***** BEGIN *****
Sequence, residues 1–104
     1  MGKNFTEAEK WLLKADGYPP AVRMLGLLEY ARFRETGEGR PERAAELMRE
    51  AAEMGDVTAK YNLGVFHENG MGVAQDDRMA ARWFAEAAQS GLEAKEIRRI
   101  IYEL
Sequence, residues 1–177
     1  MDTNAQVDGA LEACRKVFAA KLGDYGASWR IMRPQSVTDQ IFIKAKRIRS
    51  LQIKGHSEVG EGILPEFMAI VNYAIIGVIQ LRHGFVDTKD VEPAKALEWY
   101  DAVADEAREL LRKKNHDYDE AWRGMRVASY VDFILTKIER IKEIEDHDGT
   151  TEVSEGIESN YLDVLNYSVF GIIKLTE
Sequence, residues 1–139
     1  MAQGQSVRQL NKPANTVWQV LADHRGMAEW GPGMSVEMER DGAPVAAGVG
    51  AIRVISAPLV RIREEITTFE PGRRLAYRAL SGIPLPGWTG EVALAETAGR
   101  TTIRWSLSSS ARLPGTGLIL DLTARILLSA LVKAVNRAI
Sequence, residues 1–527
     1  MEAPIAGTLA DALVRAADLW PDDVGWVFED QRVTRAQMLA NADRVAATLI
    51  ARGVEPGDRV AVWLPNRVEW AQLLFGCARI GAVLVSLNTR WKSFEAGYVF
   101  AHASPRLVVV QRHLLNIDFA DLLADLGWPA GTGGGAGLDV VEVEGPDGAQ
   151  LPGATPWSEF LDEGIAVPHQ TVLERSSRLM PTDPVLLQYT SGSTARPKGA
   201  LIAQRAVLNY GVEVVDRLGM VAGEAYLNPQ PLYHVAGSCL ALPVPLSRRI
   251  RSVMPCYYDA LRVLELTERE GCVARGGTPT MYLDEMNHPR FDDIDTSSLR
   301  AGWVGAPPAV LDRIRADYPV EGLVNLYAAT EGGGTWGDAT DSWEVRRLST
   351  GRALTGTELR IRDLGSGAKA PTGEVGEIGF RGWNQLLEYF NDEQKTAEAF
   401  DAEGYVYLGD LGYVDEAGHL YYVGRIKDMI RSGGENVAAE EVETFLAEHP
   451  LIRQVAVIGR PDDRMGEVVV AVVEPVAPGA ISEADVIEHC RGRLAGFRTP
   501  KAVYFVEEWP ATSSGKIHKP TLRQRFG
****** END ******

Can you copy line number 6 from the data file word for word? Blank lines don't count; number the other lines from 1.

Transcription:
     1  MDTNAQVDGA LEACRKVFAA KLGDYGASWR IMRPQSVTDQ IFIKAKRIRS